After Serena Williams gave birth to her daughter, Olympia, she almost died from a pulmonary embolism.
Since she had a history of blood clots, she knew immediately what was wrong, but her doctors didn’t believe her at first.
Serena Williams is one of the greatest athletes of all time and a global inspiration, but in the healthcare system, her experience was far from unique.
Today, in 2020, doctors are more likely to evaluate Black patients’ pain as less than that of white patients with the same symptoms.
A stunning 40% of first- and second-year medical students believe myths of biological differences between Black patients and White patients, leading to chronic undertreatment of pain in Black patients.
Healthcare inequity in the Black community is a systemic problem, one that also manifests itself as a representation issue. Despite African-Americans making up 13.4% of the nation’s population, just 5% of physicians are Black.
Numerous studies show that patients of color both feel less safe with doctors than White patients, and also see improved health outcomes when they see Black doctors.
Addressing this problem will take dedication and collaboration across government, the public health sector, the education sector, and more. We need more Black people in public health (whether as physicians, policy-makers, or otherwise) who are passionate about meeting the needs of their communities and driving change.
As one small part of this, the Black Students in Public Health Grant will be awarded to a Black undergraduate or graduate student pursuing public health.
Students are not required to be public health majors to apply. Candidates who intend to pursue a career across any area of public health are eligible. The winner will be chosen on the basis of their drive, and on the impact that additional support would have for them.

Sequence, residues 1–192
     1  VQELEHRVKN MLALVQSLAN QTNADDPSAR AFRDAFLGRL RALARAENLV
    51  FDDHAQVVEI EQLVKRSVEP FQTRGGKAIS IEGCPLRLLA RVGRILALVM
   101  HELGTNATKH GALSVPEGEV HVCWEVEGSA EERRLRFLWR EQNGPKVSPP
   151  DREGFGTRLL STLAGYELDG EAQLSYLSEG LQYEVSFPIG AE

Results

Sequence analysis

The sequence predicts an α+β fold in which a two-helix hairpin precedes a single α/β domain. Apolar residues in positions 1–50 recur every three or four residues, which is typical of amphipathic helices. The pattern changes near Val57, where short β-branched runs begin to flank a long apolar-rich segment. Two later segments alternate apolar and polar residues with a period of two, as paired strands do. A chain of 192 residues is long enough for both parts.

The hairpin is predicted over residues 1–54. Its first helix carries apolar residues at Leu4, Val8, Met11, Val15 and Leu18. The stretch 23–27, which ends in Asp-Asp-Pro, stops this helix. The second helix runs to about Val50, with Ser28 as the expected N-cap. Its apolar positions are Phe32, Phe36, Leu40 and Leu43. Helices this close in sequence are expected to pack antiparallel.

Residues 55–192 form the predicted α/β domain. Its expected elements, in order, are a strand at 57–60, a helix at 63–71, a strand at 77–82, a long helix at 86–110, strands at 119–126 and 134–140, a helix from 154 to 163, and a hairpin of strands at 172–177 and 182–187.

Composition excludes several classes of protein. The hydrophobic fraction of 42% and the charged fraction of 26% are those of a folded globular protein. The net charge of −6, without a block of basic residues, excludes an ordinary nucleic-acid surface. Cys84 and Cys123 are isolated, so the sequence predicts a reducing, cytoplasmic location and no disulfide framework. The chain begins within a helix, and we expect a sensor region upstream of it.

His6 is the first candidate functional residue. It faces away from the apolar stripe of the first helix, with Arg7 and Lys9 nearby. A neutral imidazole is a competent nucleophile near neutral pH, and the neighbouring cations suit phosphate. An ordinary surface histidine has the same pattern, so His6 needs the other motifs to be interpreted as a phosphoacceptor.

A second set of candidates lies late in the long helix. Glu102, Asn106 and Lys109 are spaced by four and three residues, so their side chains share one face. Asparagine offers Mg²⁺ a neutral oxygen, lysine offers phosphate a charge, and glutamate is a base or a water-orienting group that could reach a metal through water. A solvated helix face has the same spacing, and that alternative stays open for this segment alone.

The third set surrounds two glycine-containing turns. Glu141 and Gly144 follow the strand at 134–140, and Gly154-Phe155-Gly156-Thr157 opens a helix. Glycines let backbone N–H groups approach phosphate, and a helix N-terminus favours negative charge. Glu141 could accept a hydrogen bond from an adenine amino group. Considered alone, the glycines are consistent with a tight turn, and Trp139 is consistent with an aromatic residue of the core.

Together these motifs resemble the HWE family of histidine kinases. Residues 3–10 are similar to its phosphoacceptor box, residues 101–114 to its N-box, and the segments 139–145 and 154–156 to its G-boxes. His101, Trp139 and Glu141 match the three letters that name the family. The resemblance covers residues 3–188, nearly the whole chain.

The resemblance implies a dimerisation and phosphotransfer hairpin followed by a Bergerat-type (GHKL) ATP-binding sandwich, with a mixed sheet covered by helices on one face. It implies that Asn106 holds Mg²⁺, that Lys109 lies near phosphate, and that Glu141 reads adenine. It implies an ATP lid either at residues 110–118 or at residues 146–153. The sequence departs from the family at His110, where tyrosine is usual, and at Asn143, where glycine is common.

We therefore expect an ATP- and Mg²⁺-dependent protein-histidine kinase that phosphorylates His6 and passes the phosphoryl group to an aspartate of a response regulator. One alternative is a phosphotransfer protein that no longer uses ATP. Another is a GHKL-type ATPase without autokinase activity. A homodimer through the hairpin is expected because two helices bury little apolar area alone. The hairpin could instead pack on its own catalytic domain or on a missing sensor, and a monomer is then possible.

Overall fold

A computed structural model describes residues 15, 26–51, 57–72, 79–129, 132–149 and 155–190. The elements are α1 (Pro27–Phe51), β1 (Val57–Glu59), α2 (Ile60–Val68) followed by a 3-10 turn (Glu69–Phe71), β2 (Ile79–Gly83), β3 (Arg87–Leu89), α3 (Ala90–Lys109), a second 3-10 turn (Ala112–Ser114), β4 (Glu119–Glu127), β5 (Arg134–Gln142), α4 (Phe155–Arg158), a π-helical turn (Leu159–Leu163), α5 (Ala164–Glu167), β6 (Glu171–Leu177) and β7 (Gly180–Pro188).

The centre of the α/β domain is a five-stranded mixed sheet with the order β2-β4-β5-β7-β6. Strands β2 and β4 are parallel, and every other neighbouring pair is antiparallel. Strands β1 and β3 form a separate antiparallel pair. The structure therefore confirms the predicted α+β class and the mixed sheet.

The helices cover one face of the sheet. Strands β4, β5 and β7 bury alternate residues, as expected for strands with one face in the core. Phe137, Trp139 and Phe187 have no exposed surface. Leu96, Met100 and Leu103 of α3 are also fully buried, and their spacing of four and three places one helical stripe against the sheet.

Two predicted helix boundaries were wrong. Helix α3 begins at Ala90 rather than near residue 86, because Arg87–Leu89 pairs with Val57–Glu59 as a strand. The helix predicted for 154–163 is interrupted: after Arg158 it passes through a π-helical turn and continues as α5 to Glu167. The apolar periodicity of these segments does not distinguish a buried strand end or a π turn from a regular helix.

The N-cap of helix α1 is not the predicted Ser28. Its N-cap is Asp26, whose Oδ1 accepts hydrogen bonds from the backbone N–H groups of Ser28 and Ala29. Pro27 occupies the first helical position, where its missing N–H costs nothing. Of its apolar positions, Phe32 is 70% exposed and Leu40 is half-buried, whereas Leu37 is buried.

Thank you to Madison Ambroise and Nadia La Mar, who are both recent Bold.org scholarship winners and amazing Black students pursuing careers in public health. Madison and Nadia both inspired this grant and guided its direction through their invaluable feedback.
Please tell us a bit about yourself, why you’re pursuing public health, and what you plan to achieve with the help of your education.
The application deadline is Nov 1, 2020. Winners will be announced on Nov 5, 2020.
Award amounts per winner are designated by the donor. Check the award amount for a detailed breakdown.
The winner will be publicly announced on Nov 5, 2020. Prior to the announcement date, we may contact finalists with additional questions about their application. We will work with donors to review all applications according to the scholarship criteria. Winners will be chosen based on the merit of their application.
Award checks will be sent to the financial aid office of the winner's academic institution in their name to be applied to their tuition, and in the name of their institution (depending on the school's requirements). If the award is for a qualified educational non-tuition expense, we will work with the winner directly to distribute the award and make sure it goes towards qualified expenses.
Before we award the scholarship, the winner will be required to confirm their academic enrollment status. Depending on the circumstances, verification of Student ID and/or their most recent transcript will be required.
If you have any questions about this scholarship or the Bold.org platform, just email firstname.lastname@example.org and we’ll get back to you as quickly as we can.
Yes. The terms and conditions for this scholarship can be found here.